U.K. and U.S. anthrax researchers collaborate with Turkish and Georgian colleagues

A team of scientists from the United Kingdom, the United States, Turkey and the Republic of Georgia are collaborating on the development of a new anthrax vaccine.

Professor Les Baillie from Cardiff University's School of Pharmacy and Pharmaceutical Sciences is leading the NATO funded project to protect against the deadly bioterrorist agent, according to ScienceDaily.com.

"Currently the majority of the world's population is susceptible to infection with Bacillus anthracis the bacterium which causes anthrax," Baillie said, ScienceDaily.com reports. "The U.S postal attacks in 2001 highlighted the vulnerability of civilian popul.ations and brought home the need to develop effective, rapid, robust medical countermeasures to combat the threat posed by terrorist use of this organism."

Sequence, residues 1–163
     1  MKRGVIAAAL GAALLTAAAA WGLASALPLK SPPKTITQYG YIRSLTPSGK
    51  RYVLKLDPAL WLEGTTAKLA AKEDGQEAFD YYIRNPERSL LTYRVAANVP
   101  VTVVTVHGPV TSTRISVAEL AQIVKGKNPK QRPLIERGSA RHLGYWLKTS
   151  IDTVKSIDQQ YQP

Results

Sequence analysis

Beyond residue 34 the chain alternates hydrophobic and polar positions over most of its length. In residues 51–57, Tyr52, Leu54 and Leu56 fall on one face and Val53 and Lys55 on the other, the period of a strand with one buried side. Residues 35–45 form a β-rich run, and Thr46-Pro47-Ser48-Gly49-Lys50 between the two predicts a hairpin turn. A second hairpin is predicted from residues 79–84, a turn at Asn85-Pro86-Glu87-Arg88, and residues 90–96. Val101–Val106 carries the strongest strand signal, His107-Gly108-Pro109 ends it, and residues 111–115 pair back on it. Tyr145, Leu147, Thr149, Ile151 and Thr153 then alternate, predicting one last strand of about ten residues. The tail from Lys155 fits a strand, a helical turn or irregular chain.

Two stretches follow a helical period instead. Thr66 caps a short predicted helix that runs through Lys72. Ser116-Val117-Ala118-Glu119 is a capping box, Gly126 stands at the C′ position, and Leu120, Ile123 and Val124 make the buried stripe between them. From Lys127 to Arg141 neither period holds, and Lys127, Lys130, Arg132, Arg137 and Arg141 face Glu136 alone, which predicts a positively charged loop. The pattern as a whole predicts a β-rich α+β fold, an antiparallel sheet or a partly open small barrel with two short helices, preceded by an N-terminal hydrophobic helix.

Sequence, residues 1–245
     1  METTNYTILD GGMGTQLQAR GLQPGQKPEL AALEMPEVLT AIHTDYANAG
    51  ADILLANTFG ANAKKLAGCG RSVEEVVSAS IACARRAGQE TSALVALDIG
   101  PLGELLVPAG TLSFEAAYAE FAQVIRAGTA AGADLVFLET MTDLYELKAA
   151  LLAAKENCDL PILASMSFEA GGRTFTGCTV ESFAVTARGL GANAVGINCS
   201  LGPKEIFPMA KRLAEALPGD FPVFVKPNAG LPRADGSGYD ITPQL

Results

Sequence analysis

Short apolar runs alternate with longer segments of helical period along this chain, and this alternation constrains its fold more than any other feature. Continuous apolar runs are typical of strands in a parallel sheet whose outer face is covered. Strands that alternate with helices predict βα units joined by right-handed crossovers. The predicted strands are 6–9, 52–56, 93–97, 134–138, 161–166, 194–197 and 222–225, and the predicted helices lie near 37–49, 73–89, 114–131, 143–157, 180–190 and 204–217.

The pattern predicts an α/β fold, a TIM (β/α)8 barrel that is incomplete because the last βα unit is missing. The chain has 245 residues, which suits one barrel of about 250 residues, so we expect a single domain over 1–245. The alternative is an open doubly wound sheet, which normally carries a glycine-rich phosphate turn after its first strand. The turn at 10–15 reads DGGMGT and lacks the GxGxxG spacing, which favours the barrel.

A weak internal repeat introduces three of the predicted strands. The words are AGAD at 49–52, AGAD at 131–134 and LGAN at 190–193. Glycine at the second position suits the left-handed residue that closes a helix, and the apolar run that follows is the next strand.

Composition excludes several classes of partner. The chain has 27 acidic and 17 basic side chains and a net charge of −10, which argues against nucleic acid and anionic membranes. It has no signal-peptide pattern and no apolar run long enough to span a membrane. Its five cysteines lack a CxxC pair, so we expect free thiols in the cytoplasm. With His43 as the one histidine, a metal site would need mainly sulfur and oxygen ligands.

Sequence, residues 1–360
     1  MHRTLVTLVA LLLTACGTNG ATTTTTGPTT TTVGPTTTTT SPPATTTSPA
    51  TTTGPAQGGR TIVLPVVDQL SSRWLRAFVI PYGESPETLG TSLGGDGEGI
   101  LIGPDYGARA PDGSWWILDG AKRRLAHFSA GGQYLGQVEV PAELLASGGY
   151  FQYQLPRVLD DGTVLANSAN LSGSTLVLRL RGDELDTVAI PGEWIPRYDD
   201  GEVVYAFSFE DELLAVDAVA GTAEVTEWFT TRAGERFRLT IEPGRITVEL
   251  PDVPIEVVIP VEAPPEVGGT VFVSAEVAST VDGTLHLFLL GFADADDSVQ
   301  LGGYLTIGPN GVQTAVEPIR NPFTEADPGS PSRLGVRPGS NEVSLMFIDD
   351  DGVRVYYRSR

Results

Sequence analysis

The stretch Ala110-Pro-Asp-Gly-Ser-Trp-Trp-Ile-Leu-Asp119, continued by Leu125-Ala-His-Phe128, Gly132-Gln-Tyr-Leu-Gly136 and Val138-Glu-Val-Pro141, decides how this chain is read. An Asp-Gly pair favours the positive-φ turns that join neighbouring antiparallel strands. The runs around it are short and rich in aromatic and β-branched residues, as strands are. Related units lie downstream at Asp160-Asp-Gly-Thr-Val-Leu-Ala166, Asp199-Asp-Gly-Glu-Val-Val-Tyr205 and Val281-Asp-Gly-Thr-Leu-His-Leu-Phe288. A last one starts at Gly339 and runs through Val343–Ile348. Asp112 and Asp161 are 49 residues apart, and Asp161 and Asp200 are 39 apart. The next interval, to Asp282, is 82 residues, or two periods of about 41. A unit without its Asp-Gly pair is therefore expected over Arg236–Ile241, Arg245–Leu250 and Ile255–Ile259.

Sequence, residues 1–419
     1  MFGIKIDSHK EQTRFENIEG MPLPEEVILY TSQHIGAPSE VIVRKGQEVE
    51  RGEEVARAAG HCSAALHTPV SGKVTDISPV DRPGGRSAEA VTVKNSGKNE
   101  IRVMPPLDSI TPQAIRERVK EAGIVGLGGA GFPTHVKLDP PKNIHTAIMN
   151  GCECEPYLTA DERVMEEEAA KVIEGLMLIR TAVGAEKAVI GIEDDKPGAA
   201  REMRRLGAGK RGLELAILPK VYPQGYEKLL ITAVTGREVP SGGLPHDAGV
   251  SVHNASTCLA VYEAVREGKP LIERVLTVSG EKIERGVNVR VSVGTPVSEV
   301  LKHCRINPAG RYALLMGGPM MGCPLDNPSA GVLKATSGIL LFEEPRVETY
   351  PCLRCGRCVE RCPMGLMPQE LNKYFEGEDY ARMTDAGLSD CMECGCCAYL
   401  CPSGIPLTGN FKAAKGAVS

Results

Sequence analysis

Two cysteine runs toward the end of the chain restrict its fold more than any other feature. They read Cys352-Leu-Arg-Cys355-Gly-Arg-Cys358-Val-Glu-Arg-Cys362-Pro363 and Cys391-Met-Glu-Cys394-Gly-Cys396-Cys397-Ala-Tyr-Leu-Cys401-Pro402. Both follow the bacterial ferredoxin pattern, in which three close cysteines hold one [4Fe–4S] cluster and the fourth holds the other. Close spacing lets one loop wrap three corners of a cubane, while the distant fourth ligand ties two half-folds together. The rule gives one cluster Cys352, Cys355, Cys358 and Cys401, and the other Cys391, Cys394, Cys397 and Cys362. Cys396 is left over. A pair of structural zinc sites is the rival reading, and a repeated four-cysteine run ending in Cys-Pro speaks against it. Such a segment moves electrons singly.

The project is receiving funding through NATO's Science for Peace and Security Program, which supports efforts to develop more effective vaccines and medical countermeasures.

Efforts to develop new anthrax vaccines have been hampered by the fact that naturally acquired cases of anthrax infection are exceedingly rare in NATO countries. As a result, researchers must use animal models. Animal immune responses differ greatly from humans, making it nearly impossible to confirm the actual efficacy of any vaccine.

To help circumvent the problem, the U.S. and U.K. researchers have joined with scientists in Turkey and Georgia, where anthrax remains a significant illness for both humans and animals.

"These unique resources, combined with the expertise of NATO researchers offers us an unparalleled opportunity," Baillie said, ScienceDaily.com reports.